Decades after Flusser`s Philosophy of Photography, both intentionality and the subjective viewpoint—which allow us to focus, to see things clearly and in detail—have been challenged by a non-human viewpoint, automatically created and manipulable images: a machine vision which not only mimics scientific/photographic vision, but which also introduces different parameters: Different concepts, drawing on computer science rather than physics and chemistry, on which the invisible code of the image is based; different scales, concerning resolution as much as the amount of images; different perspectives and movements created by satellites, drones, mini cameras etc. If this challenge provokes a shift from foveal to peripheral vision, then rather than generating new pictures, it brings forth new practices or techniques of scanning, mapping, detecting, sensing. Not just the background of recognizing an object, reacting to a face or observing an action, peripheral vision allows us to address seeing as a process which always includes intentional and nonintentional, conscious and nonconscious, directed and contingent, active and passive aspects.
Peripheral vision does not suggest that we turn our attention to objects or architectures that are ignored or, more precisely, not perceived. Rather, that we take account of the changes in seeing itself. Not in the sense of a “natural” vision that is discovered or enhanced by technical devices, but of a seeing and thinking that is shaped by historically changing media of perception, which are reflected in the changes of media conditions. Following Flusser’s media philosophy, “natural” cognitive processes are as much an effect of scientific practices and techniques as different ways of seeing, hearing or feeling are effects of artistic practices. “Media” entails epistemic as much as aesthetic practices—for instance, the camera is an apparatus designed (and used) in science and engineering as well as in art, and as an aesthetic or aisthetic practice always connecting both.
Peripheral vision marks a shift in media practices, bringing forth different ways (and concepts) of perception, in/with/through new and old media. It does not follow the logic of progress of cognitive science connected to computer science, but develops in critical aesthetic-epistemic practices.
Media theory in this sense does not open the black box of (new) technologies, but rather deals with the paradox of the open secret of media effects: while there’s no doubt that they exist, they can only be traced in an “indirect” way, not as something you can see, but in the changes in vision itself.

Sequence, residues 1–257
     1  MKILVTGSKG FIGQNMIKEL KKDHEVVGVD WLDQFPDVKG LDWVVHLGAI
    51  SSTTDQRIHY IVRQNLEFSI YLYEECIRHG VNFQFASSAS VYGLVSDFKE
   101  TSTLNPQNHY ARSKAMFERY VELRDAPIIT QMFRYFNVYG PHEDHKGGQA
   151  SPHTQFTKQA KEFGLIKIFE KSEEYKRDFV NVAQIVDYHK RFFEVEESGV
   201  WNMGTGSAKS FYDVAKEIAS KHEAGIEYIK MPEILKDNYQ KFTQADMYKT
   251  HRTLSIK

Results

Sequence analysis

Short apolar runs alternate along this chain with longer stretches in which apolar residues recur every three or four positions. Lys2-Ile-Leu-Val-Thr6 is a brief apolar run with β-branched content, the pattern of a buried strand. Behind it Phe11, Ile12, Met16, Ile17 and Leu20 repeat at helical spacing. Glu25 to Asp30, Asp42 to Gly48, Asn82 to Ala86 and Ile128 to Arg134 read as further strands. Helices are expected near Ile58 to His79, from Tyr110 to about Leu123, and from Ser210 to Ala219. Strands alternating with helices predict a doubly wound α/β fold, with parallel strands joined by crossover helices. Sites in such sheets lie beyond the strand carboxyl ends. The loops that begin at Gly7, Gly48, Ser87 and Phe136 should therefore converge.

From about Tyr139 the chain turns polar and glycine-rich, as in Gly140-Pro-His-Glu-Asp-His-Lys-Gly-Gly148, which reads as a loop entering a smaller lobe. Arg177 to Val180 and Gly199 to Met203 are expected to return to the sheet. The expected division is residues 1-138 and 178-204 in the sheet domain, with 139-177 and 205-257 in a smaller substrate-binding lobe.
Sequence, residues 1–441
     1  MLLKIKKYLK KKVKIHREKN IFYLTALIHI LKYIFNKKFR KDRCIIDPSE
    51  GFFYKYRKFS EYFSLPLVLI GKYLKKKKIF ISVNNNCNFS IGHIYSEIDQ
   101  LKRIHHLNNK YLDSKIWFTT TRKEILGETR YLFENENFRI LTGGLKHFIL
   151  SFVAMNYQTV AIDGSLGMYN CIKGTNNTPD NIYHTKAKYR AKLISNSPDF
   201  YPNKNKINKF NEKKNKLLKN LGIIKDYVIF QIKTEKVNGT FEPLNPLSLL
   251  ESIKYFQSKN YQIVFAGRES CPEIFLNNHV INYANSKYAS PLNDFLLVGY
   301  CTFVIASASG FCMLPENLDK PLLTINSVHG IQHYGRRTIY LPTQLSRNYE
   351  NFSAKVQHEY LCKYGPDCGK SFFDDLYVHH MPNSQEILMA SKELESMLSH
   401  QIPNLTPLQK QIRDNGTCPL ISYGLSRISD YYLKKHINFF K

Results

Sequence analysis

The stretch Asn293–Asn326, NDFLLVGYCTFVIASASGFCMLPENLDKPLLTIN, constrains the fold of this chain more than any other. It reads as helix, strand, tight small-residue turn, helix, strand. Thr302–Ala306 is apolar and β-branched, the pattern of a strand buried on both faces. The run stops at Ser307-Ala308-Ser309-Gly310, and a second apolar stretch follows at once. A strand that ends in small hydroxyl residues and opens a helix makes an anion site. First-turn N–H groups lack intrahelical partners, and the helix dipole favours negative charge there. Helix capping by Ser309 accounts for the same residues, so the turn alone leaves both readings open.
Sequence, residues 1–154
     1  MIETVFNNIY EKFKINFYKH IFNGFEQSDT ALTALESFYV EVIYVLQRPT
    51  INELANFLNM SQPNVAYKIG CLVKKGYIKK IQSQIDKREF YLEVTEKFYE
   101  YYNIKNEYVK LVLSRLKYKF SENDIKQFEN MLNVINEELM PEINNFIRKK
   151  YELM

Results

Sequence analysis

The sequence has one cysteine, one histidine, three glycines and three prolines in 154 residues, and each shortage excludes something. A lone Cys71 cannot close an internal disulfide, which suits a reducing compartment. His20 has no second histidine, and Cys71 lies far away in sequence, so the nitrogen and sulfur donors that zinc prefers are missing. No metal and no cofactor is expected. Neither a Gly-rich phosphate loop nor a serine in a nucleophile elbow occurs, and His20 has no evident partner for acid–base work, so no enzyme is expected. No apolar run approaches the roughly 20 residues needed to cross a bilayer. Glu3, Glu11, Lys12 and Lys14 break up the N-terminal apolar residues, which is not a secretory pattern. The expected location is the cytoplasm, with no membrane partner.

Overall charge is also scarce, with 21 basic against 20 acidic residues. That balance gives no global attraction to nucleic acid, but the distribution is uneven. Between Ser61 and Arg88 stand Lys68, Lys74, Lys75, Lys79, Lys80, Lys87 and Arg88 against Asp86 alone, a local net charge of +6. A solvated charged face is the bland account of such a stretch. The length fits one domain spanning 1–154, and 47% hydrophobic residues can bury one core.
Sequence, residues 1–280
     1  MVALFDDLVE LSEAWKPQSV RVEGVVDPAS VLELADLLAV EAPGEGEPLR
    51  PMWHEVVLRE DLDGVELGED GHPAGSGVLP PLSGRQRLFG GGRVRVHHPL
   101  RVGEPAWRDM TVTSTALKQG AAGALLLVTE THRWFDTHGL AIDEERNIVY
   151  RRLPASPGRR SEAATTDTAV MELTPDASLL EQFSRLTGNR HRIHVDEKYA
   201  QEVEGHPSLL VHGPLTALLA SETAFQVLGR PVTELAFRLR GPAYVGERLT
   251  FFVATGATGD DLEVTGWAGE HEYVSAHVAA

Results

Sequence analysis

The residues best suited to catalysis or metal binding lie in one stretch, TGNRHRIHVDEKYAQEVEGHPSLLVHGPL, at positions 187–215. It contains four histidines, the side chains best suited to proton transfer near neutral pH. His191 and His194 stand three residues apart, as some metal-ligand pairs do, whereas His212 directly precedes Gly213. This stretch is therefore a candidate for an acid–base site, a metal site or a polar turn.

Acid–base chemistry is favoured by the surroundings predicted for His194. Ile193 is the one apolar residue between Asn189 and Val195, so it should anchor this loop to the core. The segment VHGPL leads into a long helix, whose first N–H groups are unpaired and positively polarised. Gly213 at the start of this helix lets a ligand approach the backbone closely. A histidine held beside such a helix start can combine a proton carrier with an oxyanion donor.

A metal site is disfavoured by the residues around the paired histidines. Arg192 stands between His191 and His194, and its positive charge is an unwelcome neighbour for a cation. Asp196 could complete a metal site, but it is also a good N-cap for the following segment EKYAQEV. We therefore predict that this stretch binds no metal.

We are aware of mechanical eyes observing streets and corridors, of grids that are as vital for urban spaces as houses, that enable the city to be managed, controlled, mapped, designed and read. Perhaps we notice the human and non-human agents of their infrastructures from the corner of our eyes. It is only on the peripheries that the grid catches our attention—in landscapes that still seem to be shaped by paintings and photographs, following different architectures of perception. A solar collector in the desert is still an eye-catcher. At first you might have no clue what the luminous tower in the middle of nowhere is—trying in vain to recognize its contours and compare it with familiar architecture, or with science fiction films; images of ancient temples and so on. It may even be a blind spot in the photographic-scientific architecture, capturing the attention and becoming invisible thanks to its reflecting surface—blinding the lens of the eye and camera. Not a tower as a landmark, designed to be seen from afar, changing its colors according to the sunlight. Not offering a view from above or shedding light on the surrounding, but “absorbing” light, using it completely independent of seeing—transforming it into electric energy. Rather than reflecting the gaze, the solar collector unintentionally tests the lens of the eye and the camera, another device analyzing and processing light. There are few moments when the changes in the landscape are so eye-catching. At other times, one perceives them just out of the corner of one’s eye. But perhaps the “corner of the eye” of the cameras are not only part of the changed landscapes and new architectures of perception, but also make it possible to to re-flect them, to bring something into view; and perhaps rather than showing something new, let us see and think in a different way.
McLuhan, Marshall ( 2002), The Medium and the Light, Gingko Press.
Siri Carpenter (2001), Monitor on Psychology, April 2001, Vol 32, No. 4, online:
https://www.apa.org/monitor/apr01/blindness (accessed on August 25th).
Flusser, Vilém (2000), Towards a Philosophy of Photography, Reaktion Books.
Hayles, N. Katherine (2017). Unthought. The Power of the Cognitive Nonconscious. University of Chicago Press.
Krämer, Sybille (1998), „Das Medium als Spur und Apparat“, in: Krämer, S. (ed.), Medium, Computer, Realität. Wirklichkeitsvorstellungen und Neuen Medien, Suhrkamp.